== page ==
Diamond has reached 9,500 user visits in the past financial year (Figure 2). It has directly supported proprietary work for over 130 companies, and about 40% of all delivered beamtime in FY2017/18 had direct or indirect industrial access through the peer-review access route.
Its output includes a rapidly rising number of peer-reviewed articles, to date 7,400 (Figure 3), and a rate of deposition of structures in the Protein Data Bank that places it as one of the most productive synchrotrons in the world, and the leader among medium energy synchrotrons.
Such high throughput has been enabled by a remarkable level of robotic automation, matched with efficient data analysis pipelines in close-to-real time; both now being rolled out across an increasing number of physical and life sciences beamlines to optimise workflows.
Since the facility opened its doors in 2007, Diamond has welcomed over 12,000 direct users who have had an impact on a wider network of at least 24,500 researchers, positioning Diamond as one of the largest user bases among national facilities in Europe.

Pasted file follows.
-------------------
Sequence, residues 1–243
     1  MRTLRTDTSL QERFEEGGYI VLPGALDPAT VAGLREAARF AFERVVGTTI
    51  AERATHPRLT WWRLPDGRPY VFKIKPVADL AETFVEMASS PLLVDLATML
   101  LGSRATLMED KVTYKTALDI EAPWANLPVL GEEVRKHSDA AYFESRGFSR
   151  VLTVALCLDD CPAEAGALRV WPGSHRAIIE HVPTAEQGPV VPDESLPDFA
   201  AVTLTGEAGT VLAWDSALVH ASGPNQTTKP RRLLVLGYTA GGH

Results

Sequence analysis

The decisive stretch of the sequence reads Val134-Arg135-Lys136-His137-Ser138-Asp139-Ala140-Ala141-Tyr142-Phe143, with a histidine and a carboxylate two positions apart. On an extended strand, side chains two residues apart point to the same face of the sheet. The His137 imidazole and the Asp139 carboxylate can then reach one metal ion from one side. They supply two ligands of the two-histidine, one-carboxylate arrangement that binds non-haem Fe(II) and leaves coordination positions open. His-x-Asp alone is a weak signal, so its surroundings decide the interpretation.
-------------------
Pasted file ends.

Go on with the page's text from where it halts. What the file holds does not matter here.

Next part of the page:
Diamond’s output is not just characterised by volume. The institutional h-index currently stands at 128 2, and a recent analysis showed that 25% of publications are found in journals with an impact factor of nine and above.
In September 2018, an agreement was launched for a new cryo-EM capability for use in the life sciences industry sector by Thermo Fisher Scientific, one of the world leaders in high-end scientific instrumentation and Diamond Light Source.
This collaboration positions the UK as a global leader in providing large-scale industrial access to Cryo-EM for drug discovery. It is also creating a very real step change for life sciences sector, because it is a one-stop shop for structural biology and one of largest cryo-EM sites in the world embedded in a synchrotron with all its complementary facilities and techniques. This collaboration has confirmed Diamond as one of the leading global cryo-EM sites but in particular, one which provides the life sciences sector with an offer not available anywhere else in the world.